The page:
Installing and Running VMware Workstation 17 on a Mini-PC

I looked at the SimplyNUC Ryzen 9-7940HS processor mini-PC in a previous article and found its eight-core/16-thread Ryzen 9-7940HS processor very performant. This led me to believe that VMware Workstation would perform very well on it. If you are coming into this series of articles midway through, Workstation is an application that lets you run virtual machines (VMs) on a PC running Windows or Linux.

In this article, I will install Workstation on the device and run and benchmark the performance of a small and large Windows 10 VM. If you are still getting familiar with the installation and usage of Workstation, I recommend reading about how I used it with an Intel NUC 13 Pro PC.

I will only be running Cinebench on the system as I am only interested in the CPU/GPU performance of the device. I will use ControlUp Edge DX to monitor the host machine and the VM. As a disclaimer, I work for ControlUp.

Resource Overcommitment
Workstation can overcommit physical resources such as CPU, RAM and storage. This means that the VMs running on the system can be configured to use more resources than physically exist on the physical device.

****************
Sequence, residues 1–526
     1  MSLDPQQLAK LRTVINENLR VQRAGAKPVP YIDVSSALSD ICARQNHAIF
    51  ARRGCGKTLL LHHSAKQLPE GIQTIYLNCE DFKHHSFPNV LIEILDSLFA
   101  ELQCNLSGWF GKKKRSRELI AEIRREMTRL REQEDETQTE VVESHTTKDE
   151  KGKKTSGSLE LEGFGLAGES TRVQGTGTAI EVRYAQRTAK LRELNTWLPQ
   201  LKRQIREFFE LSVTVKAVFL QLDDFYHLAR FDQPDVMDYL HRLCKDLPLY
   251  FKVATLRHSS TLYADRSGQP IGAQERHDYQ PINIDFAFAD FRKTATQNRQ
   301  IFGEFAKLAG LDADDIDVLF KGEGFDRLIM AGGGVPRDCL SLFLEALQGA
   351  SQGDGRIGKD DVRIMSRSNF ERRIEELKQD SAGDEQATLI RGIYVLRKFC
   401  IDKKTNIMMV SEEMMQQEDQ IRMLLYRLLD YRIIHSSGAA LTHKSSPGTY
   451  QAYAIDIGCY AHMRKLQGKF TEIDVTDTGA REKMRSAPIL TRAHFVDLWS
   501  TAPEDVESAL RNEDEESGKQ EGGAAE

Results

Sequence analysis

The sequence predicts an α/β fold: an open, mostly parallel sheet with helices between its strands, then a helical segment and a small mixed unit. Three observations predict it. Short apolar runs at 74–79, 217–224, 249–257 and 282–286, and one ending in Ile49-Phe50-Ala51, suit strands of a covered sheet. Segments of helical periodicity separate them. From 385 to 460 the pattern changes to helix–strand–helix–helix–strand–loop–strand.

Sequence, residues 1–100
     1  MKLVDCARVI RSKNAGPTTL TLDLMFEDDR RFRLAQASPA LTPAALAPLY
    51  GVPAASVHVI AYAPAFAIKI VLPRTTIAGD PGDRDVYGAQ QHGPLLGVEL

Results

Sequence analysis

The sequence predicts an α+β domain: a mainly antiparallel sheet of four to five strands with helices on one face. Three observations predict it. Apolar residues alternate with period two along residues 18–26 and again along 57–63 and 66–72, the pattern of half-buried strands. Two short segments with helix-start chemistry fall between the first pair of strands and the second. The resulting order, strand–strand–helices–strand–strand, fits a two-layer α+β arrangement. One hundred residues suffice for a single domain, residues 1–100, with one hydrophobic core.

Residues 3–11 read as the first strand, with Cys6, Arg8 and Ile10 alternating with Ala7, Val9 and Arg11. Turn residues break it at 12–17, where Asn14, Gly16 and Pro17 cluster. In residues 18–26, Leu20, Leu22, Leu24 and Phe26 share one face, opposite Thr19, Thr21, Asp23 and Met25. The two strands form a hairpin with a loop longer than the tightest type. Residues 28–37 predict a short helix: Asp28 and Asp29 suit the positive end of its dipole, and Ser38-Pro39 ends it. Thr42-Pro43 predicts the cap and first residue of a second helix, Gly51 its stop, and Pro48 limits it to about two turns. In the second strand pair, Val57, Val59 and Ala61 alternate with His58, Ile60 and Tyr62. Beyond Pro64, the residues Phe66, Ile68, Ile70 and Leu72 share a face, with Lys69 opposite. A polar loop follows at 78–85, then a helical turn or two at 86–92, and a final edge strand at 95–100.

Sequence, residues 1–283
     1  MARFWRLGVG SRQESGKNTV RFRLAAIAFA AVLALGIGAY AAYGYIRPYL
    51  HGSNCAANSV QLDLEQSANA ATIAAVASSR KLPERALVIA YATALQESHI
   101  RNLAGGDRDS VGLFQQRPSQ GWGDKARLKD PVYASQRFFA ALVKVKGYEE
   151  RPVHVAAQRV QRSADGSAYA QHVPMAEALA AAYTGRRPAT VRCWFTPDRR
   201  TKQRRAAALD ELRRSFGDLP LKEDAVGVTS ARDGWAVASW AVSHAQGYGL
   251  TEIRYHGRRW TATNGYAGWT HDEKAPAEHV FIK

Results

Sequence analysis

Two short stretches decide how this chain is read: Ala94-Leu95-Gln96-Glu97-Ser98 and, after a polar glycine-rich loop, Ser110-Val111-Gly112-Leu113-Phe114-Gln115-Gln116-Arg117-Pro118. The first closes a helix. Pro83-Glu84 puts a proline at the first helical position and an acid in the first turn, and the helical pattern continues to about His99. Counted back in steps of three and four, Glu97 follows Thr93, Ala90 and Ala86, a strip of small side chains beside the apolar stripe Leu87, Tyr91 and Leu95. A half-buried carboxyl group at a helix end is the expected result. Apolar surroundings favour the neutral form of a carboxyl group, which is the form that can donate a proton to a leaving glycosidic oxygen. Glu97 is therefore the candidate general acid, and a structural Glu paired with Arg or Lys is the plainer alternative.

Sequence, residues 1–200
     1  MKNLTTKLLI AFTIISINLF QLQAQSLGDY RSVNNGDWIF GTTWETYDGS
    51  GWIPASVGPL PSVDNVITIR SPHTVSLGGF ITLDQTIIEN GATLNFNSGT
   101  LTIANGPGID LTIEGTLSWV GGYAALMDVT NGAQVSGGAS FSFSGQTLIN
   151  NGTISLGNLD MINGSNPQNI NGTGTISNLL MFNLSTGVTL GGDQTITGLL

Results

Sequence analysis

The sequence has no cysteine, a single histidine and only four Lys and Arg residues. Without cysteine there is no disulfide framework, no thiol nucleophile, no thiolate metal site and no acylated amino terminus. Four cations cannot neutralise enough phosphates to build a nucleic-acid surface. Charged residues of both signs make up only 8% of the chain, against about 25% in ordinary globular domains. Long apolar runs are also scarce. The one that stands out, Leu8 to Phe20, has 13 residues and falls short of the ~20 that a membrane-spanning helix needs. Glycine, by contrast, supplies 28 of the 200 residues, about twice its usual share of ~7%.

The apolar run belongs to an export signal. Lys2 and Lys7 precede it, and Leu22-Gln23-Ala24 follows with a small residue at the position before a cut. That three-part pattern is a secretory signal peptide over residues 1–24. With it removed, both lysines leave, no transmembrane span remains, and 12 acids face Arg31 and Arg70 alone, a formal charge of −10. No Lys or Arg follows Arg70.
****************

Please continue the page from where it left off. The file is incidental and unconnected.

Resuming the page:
For instance, if a physical system with 8GB of RAM, four CPU cores and 256GB of storage is running five VMs with 2GB of RAM, two vCPUs and 100GB of storage, then these VMs are overcommitted as the total number of VMs. However, this usually works fine as the physical resources are not used simultaneously in the rare event that all VMs attempt to access their maximum allocated resources at the same time, as the hypervisor has several means to handle the situation gracefully.

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Memory Overcommitment
Looking over the documentation for Workstation 17, I couldn't find in-depth details about best practices for memory overcommitment, but I did find this blurb: "Allocating more than the maximum memory to a VM might cause memory swapping. It can also negatively affect host system performance, including the ability to run Workstation Pro."

I did find some old documents about performance best practices for Workstation 7.0, which states that it has three memory management mechanisms, page sharing, ballooning and swapping, to dynamically reduce the amount of machine physical memory required for each VM:

  • Page Sharing. Workstation uses a proprietary technique to transparently and securely share memory pages between VMs, thus eliminating redundant copies of memory pages. Page sharing is used by default regardless of the memory demands on the host system.